Botanical nomenclature

Botanical artists are required to provide the Latin name of their plant subjects. 

The following notes set out the rules that scientists have devised for the naming of plants, and comes from advice provided by the Royal Horticultural Society to botanical artists.  (The website Botanical Art and Artists by Katherine Tyrrell has an excellent webpage on this subject here.)

All living organisms have a scientific (Latin) name and many also have a vernacular or common name. For example, in England the plant commonly known as the bluebell has the scientific name Hyacinthoides non-scripta. The scientific name is preferable, because the common name can be ambiguous: in Scotland the bluebell is Campanula rotundifolia and in Australia the bluebell is Sollya heterophylla.

The way in which scientific names are written or printed is governed by an International Code. This states that scientific names must be italicised or underlined.

The scientific name of a plant has two parts. For example, in the English bluebell (Hyacinthoides non-scripta), the first word (Hyacinthoides) is the name of the genus.  The second word (non-scripta) is the name of the species and follows the generic name.

The genus name always begins with a capital (upper case) letter, but the species name never does - even when the species name commemorates a country or a person, such as Rosa chinensis (the China rose) or Rosa banksiae (named for the wife of Sir Joseph Banks).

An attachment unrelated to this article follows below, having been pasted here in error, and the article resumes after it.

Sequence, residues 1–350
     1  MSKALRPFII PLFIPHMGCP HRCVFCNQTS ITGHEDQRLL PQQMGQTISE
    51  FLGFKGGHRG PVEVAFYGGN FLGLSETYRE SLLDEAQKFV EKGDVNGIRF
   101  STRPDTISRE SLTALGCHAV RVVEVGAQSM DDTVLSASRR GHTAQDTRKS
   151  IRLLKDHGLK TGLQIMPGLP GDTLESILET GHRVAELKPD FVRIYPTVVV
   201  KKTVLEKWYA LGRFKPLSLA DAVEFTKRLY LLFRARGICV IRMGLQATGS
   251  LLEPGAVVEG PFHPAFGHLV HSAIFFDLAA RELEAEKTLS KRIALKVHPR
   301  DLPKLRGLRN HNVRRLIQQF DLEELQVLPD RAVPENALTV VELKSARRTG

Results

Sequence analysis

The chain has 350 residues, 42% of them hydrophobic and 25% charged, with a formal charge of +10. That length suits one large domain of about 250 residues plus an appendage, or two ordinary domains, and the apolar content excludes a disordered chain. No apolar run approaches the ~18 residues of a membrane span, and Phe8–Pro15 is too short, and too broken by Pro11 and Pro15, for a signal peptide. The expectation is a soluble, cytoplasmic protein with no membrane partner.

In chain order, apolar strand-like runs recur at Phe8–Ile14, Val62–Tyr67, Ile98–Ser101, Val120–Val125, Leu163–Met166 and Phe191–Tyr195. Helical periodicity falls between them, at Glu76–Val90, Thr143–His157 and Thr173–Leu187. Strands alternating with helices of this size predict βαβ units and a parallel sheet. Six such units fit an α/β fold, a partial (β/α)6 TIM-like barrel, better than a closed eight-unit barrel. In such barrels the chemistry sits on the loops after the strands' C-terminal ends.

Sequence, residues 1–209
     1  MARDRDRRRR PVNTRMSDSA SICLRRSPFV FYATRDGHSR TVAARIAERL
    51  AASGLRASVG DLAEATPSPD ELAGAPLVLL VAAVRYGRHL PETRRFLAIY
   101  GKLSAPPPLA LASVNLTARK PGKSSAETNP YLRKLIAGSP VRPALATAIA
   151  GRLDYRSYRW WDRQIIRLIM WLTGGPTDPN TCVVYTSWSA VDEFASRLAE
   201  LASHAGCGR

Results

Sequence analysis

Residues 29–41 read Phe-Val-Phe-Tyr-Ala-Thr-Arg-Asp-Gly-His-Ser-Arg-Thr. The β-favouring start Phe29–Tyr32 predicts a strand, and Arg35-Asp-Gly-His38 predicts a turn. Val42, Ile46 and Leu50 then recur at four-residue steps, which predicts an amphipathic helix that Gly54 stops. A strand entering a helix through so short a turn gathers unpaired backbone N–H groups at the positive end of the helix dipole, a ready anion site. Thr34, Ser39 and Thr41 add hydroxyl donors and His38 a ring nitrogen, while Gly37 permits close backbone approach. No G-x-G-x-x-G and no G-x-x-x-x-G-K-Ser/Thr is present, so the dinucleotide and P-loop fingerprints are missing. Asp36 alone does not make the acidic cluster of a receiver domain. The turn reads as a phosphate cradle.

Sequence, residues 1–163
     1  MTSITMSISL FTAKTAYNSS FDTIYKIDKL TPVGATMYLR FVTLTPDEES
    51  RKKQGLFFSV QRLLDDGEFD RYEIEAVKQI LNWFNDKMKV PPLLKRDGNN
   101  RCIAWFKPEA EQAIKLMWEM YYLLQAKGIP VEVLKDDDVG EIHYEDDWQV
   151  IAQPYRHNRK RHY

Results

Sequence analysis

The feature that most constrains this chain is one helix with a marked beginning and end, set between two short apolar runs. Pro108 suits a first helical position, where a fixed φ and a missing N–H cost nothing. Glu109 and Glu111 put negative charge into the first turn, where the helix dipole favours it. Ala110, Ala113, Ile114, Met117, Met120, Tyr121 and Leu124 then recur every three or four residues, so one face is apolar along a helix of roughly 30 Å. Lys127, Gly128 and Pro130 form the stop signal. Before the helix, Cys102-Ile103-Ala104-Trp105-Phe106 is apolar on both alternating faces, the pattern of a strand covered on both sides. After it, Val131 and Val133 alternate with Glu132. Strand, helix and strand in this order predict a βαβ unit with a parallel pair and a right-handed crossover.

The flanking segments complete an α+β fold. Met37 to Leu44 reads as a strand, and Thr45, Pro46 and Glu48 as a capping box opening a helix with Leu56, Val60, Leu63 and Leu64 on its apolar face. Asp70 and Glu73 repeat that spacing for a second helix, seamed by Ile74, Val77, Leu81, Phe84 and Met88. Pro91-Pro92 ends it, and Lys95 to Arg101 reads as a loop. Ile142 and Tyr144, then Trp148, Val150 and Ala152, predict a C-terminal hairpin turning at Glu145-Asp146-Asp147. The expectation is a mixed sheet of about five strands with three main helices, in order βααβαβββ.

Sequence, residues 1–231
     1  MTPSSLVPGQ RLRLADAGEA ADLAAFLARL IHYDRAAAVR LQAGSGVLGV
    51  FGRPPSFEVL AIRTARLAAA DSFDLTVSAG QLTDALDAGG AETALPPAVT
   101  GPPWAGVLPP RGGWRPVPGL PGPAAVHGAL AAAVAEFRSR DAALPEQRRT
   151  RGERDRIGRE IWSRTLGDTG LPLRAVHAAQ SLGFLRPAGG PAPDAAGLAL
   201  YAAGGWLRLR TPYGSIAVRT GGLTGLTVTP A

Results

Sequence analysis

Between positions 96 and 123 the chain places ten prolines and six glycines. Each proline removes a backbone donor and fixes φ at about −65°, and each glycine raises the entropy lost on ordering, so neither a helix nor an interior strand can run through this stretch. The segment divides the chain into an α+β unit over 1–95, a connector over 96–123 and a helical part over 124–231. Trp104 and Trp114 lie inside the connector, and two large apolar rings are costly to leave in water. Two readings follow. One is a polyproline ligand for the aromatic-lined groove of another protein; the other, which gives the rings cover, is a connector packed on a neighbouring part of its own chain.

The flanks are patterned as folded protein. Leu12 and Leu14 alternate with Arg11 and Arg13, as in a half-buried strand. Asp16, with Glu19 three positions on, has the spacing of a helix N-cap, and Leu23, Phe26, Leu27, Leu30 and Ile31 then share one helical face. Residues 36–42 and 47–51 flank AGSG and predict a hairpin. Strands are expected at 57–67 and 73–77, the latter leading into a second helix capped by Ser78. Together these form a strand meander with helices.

But the abbreviations for subspecies, variety and forma (subsp., var., and f.) must be written in Roman, not italic, for example Narcissus romieuxii subsp. albidusClematis montana var. rubens.

Family names (such as FagaceaeCampanulaceae) must be written in italics.

Every scientific name is followed by the (sometimes abbreviated) name of an authority (the person or persons who originally published the name). For example Primula vulgaris Huds., Clematis alpina (L.) Mill., Lilium catesbaei Walter var. asprellum (Wherry) Stearn.

A cross between plants of two different species results in a plant called a hybrid. For example Lilium × parkmanii is the name given to the cross between Lilium speciosum and Lilium auratum. The “×” indicates the hybrid status and should be written as ×, not x, and must not be italicised.

Many species and hybrids have named cultivars (cultivar is derived from the words cultivated variety). A cultivar is defined as an assemblage of plants that has been selected for a particular character or combination of characters. Cultivar names must be written in Roman (not italics), and must be placed within single quotation marks, for example Clematis ‘Huldine’ or Clematis ´ cartmanii ‘Joe’. 

All the main words in a cultivar name must begin with a capital (upper case) letter, for example Lilium ‘Big Ben’, Lilium ‘Red Brash Bird’: other (less grammatically important) words do not begin with a capital, for example Lilium ‘Pot of Gold’, Lilium ‘Musik der Nacht’.

The names of cultivars are complicated by trade designations (selling names) which are names that are used to market a plant when the cultivar name is considered to be unsuitable for marketing purposes, for example Clematis ‘Evijohill’ has been given the trade designation JOSEPHINE. 

Trade designations are usually written be in SMALL CAPITALS, and not italicized.  Trade designations must not be placed between quotes. 

When cited together with the cultivar name, the order doesn’t matter, but generally it is best to put the best-known name first, for example:

Clematis BLUE ANGEL ‘Błękitny Anioł’

Clematis INSPIRATION ‘Zoin’

Clematis ROSEMOOR ‘Evipo002’

Clematis ‘Warszawska Nike’ MIDNIGHT SHOWERS

Clematis ‘Helios’ AZTEK